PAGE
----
Combatting infections with copper pipework
Covid-19 has seen how we do business and our usual working practices change rapidly during these unprecedented times, with some sectors and certain products becoming more crucial than ever before. Here, Dan Wild, UK business unit director for Conex Bänninger, outlines the advantages of copper as a pipework material and the specific role it plays in helping to combat infections.
There’s no doubt that the last few months have been difficult, not just in the UK, but across the globe. For those involved in the HVAC industry, it’s been particularly tough getting to grips with the government guidelines and really understanding the extent of work that is seen as ‘essential’.
For a vast number of installers up and down the country, whether they were working on domestic or commercial projects, many have had no choice but to lay down their tools and stay home over the last few months. Whilst this obviously has significant financial implications for businesses and individuals alike, the good news is that government support is available and everyone should be extremely proud that they’ve played their part in staying safe and helping to protect the NHS and frontline essential workers.
However, for all those that aren’t involved in ‘essential’ projects, there’s also many installers out there carrying out vital work on frontline projects to maintain the supply of heating and hot water to UK homes, hospitals and businesses.
With health and safety at the top of the national news and political agenda, one solution that has been around for centuries but is growing in popularity is copper pipework.
The key reason for this is the antimicrobial properties of copper. In many healthcare and medical environments for example, which require the strictest hygiene performance specifications, copper pipework has been the number one plumbing material of choice for many years.
The advantages of using copper pipework is increasing all the time, with more and more projects thinking seriously about the benefits of the material, to help minimise any potential risks posed by waterborne bacteria.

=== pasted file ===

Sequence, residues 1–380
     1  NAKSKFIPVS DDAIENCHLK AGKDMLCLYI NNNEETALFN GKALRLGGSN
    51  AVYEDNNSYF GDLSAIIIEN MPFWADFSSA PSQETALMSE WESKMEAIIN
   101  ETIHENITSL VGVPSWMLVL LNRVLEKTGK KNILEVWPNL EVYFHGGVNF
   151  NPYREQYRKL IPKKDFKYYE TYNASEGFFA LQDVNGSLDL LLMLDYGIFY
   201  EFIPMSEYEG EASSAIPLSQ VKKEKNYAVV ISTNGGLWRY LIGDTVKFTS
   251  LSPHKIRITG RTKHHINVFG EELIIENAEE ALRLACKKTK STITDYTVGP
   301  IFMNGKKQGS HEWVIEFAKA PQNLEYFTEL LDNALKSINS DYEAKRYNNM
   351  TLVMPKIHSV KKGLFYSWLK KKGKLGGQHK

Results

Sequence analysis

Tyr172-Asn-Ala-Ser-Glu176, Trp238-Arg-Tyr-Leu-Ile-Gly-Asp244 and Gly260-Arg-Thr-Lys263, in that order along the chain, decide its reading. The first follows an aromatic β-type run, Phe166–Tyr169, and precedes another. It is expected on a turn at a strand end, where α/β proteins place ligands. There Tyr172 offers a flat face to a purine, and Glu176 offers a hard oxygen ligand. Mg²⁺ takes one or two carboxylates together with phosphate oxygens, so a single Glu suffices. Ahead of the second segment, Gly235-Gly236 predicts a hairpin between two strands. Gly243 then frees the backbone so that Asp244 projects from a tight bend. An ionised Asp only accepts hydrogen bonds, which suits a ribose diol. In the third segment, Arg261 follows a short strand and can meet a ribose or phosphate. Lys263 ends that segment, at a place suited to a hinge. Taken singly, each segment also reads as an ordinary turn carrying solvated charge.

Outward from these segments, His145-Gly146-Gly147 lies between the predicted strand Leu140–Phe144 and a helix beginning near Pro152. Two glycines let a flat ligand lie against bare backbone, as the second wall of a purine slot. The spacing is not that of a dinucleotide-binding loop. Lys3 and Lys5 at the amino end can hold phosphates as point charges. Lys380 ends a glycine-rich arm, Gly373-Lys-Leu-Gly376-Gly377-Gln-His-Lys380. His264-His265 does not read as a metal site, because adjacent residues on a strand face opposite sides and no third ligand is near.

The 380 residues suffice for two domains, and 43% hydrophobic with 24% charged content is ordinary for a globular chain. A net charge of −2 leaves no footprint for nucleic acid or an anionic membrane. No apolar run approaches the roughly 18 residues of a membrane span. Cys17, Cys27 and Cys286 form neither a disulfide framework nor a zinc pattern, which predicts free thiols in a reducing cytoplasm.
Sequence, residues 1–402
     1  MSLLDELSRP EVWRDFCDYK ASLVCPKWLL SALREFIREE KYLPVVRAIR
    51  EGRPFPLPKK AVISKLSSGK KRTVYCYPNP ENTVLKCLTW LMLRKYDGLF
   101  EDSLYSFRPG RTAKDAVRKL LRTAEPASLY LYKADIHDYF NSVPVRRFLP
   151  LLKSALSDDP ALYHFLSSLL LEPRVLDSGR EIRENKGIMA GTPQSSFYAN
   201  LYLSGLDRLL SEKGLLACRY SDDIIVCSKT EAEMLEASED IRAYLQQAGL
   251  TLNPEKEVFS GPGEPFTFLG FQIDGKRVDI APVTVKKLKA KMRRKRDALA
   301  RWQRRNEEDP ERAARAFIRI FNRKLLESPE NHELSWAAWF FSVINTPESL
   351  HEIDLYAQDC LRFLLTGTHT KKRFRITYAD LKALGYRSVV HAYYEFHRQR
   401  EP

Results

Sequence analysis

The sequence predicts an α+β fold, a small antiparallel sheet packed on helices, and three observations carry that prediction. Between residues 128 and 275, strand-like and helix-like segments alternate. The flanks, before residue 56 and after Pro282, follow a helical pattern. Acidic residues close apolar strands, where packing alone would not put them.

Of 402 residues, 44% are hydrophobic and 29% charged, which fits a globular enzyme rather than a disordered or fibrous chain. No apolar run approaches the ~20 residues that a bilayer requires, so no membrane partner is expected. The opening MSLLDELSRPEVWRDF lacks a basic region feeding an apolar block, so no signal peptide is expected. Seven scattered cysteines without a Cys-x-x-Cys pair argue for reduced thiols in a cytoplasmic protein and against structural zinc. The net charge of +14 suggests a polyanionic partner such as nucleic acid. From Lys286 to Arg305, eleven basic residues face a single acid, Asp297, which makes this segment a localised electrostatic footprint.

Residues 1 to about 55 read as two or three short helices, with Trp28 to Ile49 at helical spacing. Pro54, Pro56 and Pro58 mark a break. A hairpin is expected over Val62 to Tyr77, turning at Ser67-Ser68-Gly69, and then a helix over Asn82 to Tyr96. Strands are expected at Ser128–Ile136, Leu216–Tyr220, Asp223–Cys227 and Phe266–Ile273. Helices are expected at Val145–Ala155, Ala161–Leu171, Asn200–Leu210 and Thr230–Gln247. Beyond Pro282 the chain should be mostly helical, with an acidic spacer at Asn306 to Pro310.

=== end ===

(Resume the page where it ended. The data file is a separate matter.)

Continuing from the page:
Copper attacks a wide range of dangerous bacteria, including Legionella, and helps prevent a multitude of pseudomonas infections such as ‘swimmer’s ear’. Direct interaction between the surface of the copper and the bacterial outer membrane causes it to rupture. As a result, the bacterium loses vital nutrients, water and dies.
This biocidal effect of copper and copper alloys is recognised by several major scientific bodies. In 2014, the independent non-profit making ECRI Institute (formerly known as the Emergency Care Research Institute), whose guidance is looked to by more than 5,000 healthcare organisations worldwide, listed anti-microbial copper as ‘one of its Top 10 Technologies to Watch’.
Of course, proper water hygiene continues to be absolutely essential with EN806 taking over from BS6700 as the applicable industry standard covering ‘specifications for installations inside buildings conveying water for human consumption’. This makes copper an essential material to specify at the design stage of a new drinking water system or a refurbishment too.
As a general rule for drinking water, keep cold water cold and hot water hot. Up to 20°C bacteria can survive but are not active. At 60°C and above some 90% of bacteria will be killed within two minutes. The ‘optimal zone’ for bacteria to thrive is between 45°C and 60°C.
It’s not just the antimicrobial properties of copper that make it an ideal pipework solution. As a noble metal, copper also resists corrosion and compares favourably to steel and iron. It is highly resistant to extremes of temperature too, whether those be highs or lows and in the case of a fire (its melting point is 1,085 °C) its non-flammable capabilities mean copper tube and fittings will not burn or give off toxic fumes. Copper also performs well in terms of its linear thermal expansion – or lack of it. Where the temperature rises by 30°C, copper pipework will expand by just 5mm over 10 metres. While marginally bettered by steel (4mm), it matches stainless steel, is better than aluminium (7mm) and comprehensively outperforms PE (Polyethylene) (54mm) and PVC (60mm).
Copper also is a sustainable material of choice as it is 100% recyclable. In fact, some 80% of copper ever mined is still in use today. And while it takes 100 gigajoules of energy to refine one ton of copper, it takes only 10 gigajoules to reprocess it. So recycling is 90% better when environmental costs are taken into consideration.
To find out more about the benefits of copper pipework as a preferential fitting material, take advantage of Conex Bänninger’s CPD programme. The programme is designed with specifiers and M & E contractors in mind while stockists, installers and water suppliers will also find it useful.
While focussing on copper, the programme also looks at current legislation and codes of practice, and considers the full range of products and jointing solutions on the market, from solder and braze, to compression, threaded, press and push fit.
Anyone interested in undertaking the CPD course should email email@example.com.